Useful Computational Methods 

Squareroots via Continued Fractions


We saw elsewhere how to obtain the Continued Fraction representation of the squareroot of a nonsquare number N as
Convergents
Consider the continued fraction expansion of √2.
Let us look at the succession of fractions:
These successive partial sums of the continued fraction are called convergents. The convergents converge to the value of the number the continued fraction represents.
So to find approximations to the squareroot of a number, we compute successive convergents.
What we have seen above would apply also to finding approximations of other irrationals. The method is particularly suitable for approximating squareroots because of Louis Lagrange's Theorem that the conitinued fraction of every quadratic irrational is periodic after a while.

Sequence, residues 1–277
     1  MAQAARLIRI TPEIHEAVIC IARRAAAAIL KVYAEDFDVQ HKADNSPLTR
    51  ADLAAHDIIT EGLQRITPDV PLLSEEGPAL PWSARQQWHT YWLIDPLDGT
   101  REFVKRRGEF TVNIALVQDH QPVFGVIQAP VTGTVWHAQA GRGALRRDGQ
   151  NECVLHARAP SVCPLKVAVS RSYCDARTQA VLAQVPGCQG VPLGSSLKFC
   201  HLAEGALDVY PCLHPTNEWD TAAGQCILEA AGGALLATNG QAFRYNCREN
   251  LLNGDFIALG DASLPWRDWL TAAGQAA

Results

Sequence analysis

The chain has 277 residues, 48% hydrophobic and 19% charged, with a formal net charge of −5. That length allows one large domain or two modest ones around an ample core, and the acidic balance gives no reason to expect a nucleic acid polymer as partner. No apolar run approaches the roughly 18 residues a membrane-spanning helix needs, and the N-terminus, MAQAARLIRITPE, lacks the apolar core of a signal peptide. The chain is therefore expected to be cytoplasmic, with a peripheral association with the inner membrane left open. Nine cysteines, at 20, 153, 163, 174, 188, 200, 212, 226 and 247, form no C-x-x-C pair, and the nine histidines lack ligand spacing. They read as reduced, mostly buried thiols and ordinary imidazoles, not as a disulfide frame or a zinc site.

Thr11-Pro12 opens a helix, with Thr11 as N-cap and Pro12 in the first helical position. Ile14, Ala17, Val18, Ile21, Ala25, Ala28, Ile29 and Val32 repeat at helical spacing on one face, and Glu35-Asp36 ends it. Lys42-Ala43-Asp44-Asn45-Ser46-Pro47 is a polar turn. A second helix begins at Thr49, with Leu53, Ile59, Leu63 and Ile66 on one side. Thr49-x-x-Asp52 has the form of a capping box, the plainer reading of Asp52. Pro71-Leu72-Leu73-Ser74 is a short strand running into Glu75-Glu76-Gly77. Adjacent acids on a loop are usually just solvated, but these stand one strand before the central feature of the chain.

The theory of convergents is beautiful. For instance, if we denote the nth convergent by c_{n},
the actual value C of the infinite continued fraction will lie between two strings, one string made up of the odd convergents, and the other of even convergents thus:
c_{1} < c_{3} < c_{5} ... < c_{2n+1} ... C ... < c_{2n} ... < c_{6} < c_{4} < c_{2}.
REFERENCES
[1] G.H. Hardy and E.M. Wright, Introduction to the theory of numbers, Oxford University Press
[2] C.D. Olds, Continued Fractions, New Mathematics Library, Mathematical Association of America, 1963
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